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Noah Lyles questioned the NBA 'world champions' label. Everyone had thoughts

Noah Lyles celebrates after anchoring the USA team to victory in the men's 4x100m relay final during the World Athletics Championships at the National Athletics Centre in Budapest on August 26.
Andrej Isakovic
/
AFP via Getty Images
Noah Lyles celebrates after anchoring the USA team to victory in the men's 4x100m relay final during the World Athletics Championships at the National Athletics Centre in Budapest on August 26.

When track and field star Noah Lyles questioned why people refer to NBA title winners as "world champions," everyone from Drake to Kevin Durant rushed to have their say. One analyst says it's a case study in American exceptionalism.

Who is he? Lyles is a 26-year-old track and field athlete from the United States.

  • Last week, he won multiple events at the World Athletics Championships in Budapest, Hungary — including the 100- and 200-meter sprints.
  • He was the first man to take home both titles since Usain Bolt in 2015.


What's the big deal? There has been a lot of attention paid to Lyles since — but not for his wins.

  • At a post-meet press conference, Lyles was asked about how to grow or improve his sport, to which he replied:

  • The comments generated plenty of takes from every corner of the internet. A number of basketball players took offense and made it known via Instagram comments, while other international sports fans thought Lyle had the right idea.


Want more sports journalism? Listen to the Consider This episode on whether Lionel Messi will change Major League Soccer's rep.


What are people saying? Lots.

Kevin Durant took to the Instagram comment section to say, "Somebody help this brother." Draymond Green wrote, "When being smart goes wrong." And even Drake also gave his two cents:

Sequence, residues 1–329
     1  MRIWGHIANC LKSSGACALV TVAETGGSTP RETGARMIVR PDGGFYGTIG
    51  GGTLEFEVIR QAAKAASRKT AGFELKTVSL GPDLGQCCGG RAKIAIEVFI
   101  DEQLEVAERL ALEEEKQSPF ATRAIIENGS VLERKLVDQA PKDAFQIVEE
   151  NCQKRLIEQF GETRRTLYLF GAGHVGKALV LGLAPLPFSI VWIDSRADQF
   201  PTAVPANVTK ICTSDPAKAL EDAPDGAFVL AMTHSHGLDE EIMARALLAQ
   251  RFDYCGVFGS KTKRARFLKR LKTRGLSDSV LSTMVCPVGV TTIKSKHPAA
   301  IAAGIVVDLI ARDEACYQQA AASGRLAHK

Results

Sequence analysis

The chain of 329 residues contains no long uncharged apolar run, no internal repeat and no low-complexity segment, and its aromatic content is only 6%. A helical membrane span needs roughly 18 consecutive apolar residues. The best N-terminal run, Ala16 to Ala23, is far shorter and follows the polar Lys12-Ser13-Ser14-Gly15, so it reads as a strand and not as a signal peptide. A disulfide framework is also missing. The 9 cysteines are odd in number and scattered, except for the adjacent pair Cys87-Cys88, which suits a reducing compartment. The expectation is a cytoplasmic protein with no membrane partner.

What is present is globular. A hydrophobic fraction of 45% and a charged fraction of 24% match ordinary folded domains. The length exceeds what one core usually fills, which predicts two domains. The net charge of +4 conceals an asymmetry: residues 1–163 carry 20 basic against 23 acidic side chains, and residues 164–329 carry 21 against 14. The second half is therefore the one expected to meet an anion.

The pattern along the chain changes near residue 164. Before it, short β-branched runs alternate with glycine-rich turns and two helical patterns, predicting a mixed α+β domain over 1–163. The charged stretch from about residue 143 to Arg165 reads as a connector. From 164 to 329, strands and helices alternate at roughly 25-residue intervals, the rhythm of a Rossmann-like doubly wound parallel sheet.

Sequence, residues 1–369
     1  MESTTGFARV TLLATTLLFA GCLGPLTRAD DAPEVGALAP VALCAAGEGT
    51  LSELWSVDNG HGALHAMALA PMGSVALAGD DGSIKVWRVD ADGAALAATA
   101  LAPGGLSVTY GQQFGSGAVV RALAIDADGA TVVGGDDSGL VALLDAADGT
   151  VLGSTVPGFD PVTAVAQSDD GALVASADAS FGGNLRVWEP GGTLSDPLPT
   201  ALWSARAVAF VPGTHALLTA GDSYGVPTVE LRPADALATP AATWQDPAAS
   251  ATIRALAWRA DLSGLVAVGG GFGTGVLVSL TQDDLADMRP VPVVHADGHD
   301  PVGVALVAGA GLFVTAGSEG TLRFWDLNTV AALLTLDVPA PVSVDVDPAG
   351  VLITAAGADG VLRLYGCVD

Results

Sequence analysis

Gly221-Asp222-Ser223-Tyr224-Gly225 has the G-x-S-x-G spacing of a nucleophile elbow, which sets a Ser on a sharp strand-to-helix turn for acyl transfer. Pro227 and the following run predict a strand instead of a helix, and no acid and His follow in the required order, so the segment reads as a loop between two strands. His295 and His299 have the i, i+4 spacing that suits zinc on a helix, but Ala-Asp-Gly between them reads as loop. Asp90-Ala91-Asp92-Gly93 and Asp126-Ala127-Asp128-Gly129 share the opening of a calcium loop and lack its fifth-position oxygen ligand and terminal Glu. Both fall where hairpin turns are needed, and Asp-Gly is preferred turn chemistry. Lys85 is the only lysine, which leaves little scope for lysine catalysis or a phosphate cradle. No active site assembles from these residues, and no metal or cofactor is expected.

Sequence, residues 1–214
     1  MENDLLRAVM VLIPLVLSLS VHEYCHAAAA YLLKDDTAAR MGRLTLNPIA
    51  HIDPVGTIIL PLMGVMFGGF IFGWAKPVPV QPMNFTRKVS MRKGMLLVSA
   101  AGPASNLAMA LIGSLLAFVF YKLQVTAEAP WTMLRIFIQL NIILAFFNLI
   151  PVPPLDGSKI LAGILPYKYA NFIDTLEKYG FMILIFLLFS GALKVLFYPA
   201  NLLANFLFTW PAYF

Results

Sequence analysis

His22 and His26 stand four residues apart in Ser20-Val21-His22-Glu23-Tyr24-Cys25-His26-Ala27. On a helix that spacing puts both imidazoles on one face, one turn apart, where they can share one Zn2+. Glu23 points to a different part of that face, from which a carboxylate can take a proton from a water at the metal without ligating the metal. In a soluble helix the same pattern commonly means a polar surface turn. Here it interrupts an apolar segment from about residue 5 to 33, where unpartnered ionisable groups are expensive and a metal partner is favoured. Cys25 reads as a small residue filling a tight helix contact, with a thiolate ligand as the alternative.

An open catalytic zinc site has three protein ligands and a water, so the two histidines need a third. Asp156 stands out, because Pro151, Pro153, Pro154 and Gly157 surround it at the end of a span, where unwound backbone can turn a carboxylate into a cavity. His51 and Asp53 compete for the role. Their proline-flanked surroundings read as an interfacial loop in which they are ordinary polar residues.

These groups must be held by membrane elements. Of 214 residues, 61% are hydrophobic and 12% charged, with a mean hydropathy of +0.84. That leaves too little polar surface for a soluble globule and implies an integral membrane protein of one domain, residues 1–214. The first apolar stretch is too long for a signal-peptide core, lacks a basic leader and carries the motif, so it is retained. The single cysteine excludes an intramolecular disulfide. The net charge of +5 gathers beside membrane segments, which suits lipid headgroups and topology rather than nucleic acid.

Gary Al-Smith, a sports journalist who focuses on African sports, told NPR he "never thought an American athlete would be so open minded." Here's Al-Smith on why many other countries share Lyles' sentiment:

And here's Al-Smith on how American exceptionalism finds its way into athletics:

So, what now?

  • NPR sought an interview with Lyles but did not hear back by time of publication. But his X account shows him reposting those defending his stance.
  • And the track star thinks that in order to help his sport grow, they've got to flaunt how inclusive they are in comparison to many others: "We've got to be presented to the world."


Learn more:

Copyright 2023 NPR. To see more, visit https://www.npr.org.

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Manuela López Restrepo
Manuela López Restrepo is a producer and writer at All Things Considered. She's been at NPR since graduating from The University of Maryland, and has worked at shows like Morning Edition and It's Been A Minute. She lives in Brooklyn with her cat Martin.